§3809.334   What if I temporarily stop conducting operations under a notice?
§3809.335   What happens when my notice expires?
§3809.336   What if I abandon my notice-level operations?

Operations Conducted Under Plans of Operations

§3809.400   Does this subpart apply to my existing or pending plan of operations?
§3809.401   Where do I file my plan of operations and what information must I include with it?
§3809.411   What action will BLM take when it receives my plan of operations?
§3809.412   When may I operate under a plan of operations?
§3809.415   How do I prevent unnecessary or undue degradation while conducting operations on public lands?
§3809.420   What performance standards apply to my notice or plan of operations?
§3809.421   Enforcement of performance standards.
§3809.423   How long does my plan of operations remain in effect?
§3809.424   What are my obligations if I stop conducting operations?

Modifications of Plans of Operations

§3809.430   May I modify my plan of operations?
§3809.431   When must I modify my plan of operations?
§3809.432   What process will BLM follow in reviewing a modification of my plan of operations?
§3809.433   Does this subpart apply to a new modification of my plan of operations?
§3809.434   How does this subpart apply to pending modifications for new or existing facilities?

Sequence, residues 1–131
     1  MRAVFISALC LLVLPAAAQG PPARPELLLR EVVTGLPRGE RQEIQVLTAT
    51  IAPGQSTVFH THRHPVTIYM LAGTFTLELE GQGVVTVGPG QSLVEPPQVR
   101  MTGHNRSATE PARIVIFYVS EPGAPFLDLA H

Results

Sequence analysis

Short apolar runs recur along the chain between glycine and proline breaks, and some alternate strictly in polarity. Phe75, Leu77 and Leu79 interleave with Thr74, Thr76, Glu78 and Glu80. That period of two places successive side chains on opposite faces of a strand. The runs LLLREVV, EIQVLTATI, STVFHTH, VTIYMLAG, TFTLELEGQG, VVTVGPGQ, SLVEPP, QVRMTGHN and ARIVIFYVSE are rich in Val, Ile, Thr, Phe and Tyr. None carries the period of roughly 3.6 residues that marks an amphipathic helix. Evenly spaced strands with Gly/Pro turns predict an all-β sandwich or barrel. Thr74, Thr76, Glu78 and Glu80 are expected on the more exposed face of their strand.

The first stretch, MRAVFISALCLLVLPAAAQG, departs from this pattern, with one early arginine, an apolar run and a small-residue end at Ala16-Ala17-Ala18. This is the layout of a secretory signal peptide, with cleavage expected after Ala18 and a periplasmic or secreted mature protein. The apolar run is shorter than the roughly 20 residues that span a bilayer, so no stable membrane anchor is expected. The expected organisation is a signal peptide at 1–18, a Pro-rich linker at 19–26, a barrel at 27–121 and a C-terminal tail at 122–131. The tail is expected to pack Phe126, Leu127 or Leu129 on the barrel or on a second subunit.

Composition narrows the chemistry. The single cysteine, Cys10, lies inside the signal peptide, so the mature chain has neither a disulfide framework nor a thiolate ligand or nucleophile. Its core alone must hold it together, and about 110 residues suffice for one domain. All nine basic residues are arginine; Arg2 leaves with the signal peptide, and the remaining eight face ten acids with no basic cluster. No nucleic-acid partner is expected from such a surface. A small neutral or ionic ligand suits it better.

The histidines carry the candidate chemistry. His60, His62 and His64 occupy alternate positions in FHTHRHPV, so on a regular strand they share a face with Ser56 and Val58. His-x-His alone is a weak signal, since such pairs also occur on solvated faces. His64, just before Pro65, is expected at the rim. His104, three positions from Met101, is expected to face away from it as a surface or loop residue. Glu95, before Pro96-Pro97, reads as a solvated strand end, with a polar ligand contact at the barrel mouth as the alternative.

Financial Guarantee Requirements—General

§3809.500   In general, what are BLM's financial guarantee requirements?
§3809.503   When must I provide a financial guarantee for my notice-level operations?
§3809.505   How do the financial guarantee requirements of this subpart apply to my existing plan of operations?
§3809.551   What are my choices for providing BLM with a financial guarantee?

Individual Financial Guarantee

§3809.552   What must my individual financial guarantee cover?
§3809.553   May I post a financial guarantee for a part of my operations?
§3809.554   How do I estimate the cost to reclaim my operations?
§3809.555   What forms of individual financial guarantee are acceptable to BLM?
§3809.556   What special requirements apply to financial guarantees described in §3809.555(e)?

Blanket Financial Guarantee

§3809.560   Under what circumstances may I provide a blanket financial guarantee?

State-Approved Financial Guarantee

§3809.570   Under what circumstances may I provide a State-approved financial guarantee?